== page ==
Seattle's Child

Your guide to a kid-friendly city

gardening books kids

9 kids’ books that inspire a love of gardening

From fun, instructional books to community gardens to magical adventures.

For the month of March and the beginning of spring, it’s a perfect time to get outside with loved ones, dig in the dirt, and maybe plant a thing or two. To get inspired, we’ve asked local bookstores to share their favorite kids’ gardening books with us, and here they are! 

Island Books gives us a lovely variety of picture books, exciting how-tos, and something for big kids, too. 

City Green by DyAnne DiSalvo-Ryan.  This classic picture book is a fantastic combination of hopeful and instructional, inspiring kids to create community gardens in their own neighborhoods and with information on just how to do it.

Here in the Real World by Sara Pennypacker.  This brand new middle grade novel from the bestselling author of Pax brings a touching story of a boy with a big imagination who feels lost in the real world of summer camp. When he meets a girl named Jolene who likes to plant things in an empty lot at the camp, his opinion of the world is challenged and complicated by their love for the lot.

Easy Peasy Gardening for Kids edited by Little Gestalt.  This nonfiction introduction to gardening is perfect for any little one interested in helping things grow with activities and lessons. Great for families living in the city, the country, or anywhere in between.

Phinney Books offers a personalized list of sweet books, one of which is written by a Seattle author! You can’t purchase these online, so head to the shop on Fridays at 11 a.m. for storytime with your youngest readers, and pick one up while you’re there.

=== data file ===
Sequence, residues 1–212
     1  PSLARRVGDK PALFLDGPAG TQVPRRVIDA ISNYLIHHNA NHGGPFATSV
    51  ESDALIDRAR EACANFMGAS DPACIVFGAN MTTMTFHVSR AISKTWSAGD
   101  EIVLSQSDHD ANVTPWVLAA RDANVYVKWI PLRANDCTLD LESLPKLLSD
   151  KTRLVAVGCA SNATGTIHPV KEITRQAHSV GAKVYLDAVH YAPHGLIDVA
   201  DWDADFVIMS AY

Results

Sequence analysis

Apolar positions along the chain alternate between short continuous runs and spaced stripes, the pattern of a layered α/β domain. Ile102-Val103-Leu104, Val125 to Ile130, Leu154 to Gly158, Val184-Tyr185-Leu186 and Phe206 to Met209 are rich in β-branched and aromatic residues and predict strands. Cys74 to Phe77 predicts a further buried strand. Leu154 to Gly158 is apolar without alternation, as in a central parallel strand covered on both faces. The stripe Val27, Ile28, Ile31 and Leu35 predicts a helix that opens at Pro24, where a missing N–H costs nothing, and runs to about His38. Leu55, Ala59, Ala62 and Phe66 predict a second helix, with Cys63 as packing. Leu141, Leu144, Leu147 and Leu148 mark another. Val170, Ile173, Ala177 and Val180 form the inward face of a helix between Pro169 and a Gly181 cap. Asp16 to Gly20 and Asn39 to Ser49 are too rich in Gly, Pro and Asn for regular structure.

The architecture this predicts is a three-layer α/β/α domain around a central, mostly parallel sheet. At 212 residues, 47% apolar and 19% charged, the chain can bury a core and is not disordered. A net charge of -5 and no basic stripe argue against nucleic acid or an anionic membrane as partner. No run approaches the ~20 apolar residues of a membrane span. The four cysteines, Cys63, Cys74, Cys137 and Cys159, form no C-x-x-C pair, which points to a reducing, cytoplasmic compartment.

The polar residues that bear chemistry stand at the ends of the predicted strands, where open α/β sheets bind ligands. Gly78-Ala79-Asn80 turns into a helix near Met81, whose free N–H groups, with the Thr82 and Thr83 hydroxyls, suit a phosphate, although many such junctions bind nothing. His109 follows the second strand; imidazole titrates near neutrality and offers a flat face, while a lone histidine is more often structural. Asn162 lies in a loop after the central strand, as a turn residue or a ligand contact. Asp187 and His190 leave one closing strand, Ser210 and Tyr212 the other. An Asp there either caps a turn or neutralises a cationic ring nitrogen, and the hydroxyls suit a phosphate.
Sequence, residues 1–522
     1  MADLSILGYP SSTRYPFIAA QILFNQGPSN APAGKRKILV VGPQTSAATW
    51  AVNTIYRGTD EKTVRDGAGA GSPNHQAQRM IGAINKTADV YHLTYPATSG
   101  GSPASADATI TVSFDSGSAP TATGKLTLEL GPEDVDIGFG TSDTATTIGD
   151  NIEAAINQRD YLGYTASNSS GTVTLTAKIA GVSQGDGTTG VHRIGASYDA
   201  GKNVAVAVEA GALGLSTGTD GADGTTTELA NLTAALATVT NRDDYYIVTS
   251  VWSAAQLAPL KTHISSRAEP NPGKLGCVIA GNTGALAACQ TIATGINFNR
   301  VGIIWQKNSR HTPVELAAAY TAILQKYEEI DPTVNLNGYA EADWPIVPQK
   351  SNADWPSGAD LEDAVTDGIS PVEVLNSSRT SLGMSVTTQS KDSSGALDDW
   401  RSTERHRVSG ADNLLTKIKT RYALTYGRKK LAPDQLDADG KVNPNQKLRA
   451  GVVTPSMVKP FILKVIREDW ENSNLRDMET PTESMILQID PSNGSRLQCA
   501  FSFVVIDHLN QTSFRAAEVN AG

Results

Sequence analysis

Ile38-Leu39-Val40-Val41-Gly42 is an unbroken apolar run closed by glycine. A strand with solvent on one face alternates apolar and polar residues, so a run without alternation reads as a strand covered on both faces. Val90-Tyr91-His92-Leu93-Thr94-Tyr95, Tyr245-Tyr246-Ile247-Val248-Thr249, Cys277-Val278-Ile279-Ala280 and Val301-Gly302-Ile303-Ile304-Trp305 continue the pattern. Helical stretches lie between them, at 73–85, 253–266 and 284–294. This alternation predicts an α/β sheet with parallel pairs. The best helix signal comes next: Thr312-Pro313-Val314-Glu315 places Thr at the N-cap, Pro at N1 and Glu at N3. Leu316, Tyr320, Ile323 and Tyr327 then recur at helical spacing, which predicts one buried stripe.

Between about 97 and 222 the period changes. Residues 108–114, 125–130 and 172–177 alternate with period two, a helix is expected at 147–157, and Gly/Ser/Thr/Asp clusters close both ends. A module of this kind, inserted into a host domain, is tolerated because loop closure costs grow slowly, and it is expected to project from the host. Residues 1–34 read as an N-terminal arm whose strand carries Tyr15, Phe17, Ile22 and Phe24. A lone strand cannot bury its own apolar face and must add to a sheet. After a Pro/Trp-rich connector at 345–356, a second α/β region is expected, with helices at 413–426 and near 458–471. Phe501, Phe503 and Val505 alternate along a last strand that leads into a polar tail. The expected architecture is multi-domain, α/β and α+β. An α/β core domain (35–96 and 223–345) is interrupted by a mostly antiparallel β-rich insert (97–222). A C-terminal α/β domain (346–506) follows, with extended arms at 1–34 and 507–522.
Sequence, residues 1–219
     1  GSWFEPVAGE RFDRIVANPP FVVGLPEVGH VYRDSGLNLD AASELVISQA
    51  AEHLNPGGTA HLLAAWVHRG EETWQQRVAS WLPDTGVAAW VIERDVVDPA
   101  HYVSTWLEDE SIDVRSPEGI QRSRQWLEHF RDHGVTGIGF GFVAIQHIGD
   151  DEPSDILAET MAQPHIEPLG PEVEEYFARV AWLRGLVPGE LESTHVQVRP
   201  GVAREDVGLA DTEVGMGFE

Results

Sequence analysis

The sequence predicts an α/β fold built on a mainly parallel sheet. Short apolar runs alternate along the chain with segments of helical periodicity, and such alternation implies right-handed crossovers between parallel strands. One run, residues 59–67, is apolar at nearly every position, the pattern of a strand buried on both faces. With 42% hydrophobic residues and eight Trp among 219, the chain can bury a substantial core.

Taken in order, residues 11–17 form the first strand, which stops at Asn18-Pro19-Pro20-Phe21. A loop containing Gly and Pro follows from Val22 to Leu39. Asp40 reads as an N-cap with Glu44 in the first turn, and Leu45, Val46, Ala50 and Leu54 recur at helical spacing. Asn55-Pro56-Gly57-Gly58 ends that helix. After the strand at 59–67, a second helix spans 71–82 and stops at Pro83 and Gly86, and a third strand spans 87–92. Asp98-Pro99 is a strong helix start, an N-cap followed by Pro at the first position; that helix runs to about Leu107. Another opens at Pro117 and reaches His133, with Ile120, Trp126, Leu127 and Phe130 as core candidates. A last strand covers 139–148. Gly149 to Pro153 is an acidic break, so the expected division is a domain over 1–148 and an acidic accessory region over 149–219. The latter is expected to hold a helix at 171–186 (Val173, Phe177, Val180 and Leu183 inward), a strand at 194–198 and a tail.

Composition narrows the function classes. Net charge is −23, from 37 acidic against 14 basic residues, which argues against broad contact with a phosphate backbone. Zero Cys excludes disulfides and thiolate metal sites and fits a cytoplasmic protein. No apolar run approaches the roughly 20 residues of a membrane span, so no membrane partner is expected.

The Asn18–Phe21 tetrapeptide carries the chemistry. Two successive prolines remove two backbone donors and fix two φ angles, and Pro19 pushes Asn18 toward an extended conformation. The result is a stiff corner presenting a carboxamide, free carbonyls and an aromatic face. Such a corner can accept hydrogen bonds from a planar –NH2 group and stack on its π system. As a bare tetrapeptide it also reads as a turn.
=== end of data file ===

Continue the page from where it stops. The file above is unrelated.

Grow: A Family Guide to Growing Fruits and Vegetables by Ben Raskin. A lively interactive guide for kids age 5 to 10, which explains how plants grow but also provides practical tips for how to plant, compost, and harvest.

Zora’s Zucchini by Katherine Pryor and Anna Raff. From Seattle author Pryor (and Seattle publisher Readers to Eaters), a picture book that dramatizes one of the biggest problems that can threaten any home gardener: too many zucchinis!

The Plant Sitter by Gene Zion and Margaret Bloy Graham. This one’s a little harder to find—it’s been out of print for years—but I just ran across it for the first time in decades while going through my parents’ old books and was immediately reminded how much I loved this story of a boy who starts a home plant-sitting business that quickly gets out of control. Somebody republish this one, please!

Third Place Books came through yet again with an amazing list, featuring cultural diversity, self-care, and (yes!) magic, all of which teach us the importance of tending to a garden. 

Tokyo Digs a Garden by Jon-Erik Lappano and illustrated by Kellen Hatanaka. Tokyo lives in a city with his parents and grandfather, who reminisces about the lush forest their home once was. When Tokyo receives some seeds and plants them under a brick in his backyard, their ecological magic begins to sprout. This thoughtful and surprising book gives new meaning to the term urban ecology & will inspire readers to create their own green oasis in the city.

Alma and the Beast by Esme Shapiro. In this gloriously magical (and hairy!) adventure of finding your way home and finding a friend along the way, this heartwarming picturebook will surely leave you dreaming of plumpooshkie butterflies and braiding trees long after the day grows chilly and pink.

My Hair Is a Garden by Cozbi A. Cabrera. This beautiful picturebook celebrates and gently informs about an integral part of a self-care routine: tending to your hair, just as you would cultivate a garden. Though the book’s undoubted focus is on Black girls and overcoming the negative feedback they receive about their natural hair, this book’s extended garden metaphor is accessible to all.

Originally published in February 2020

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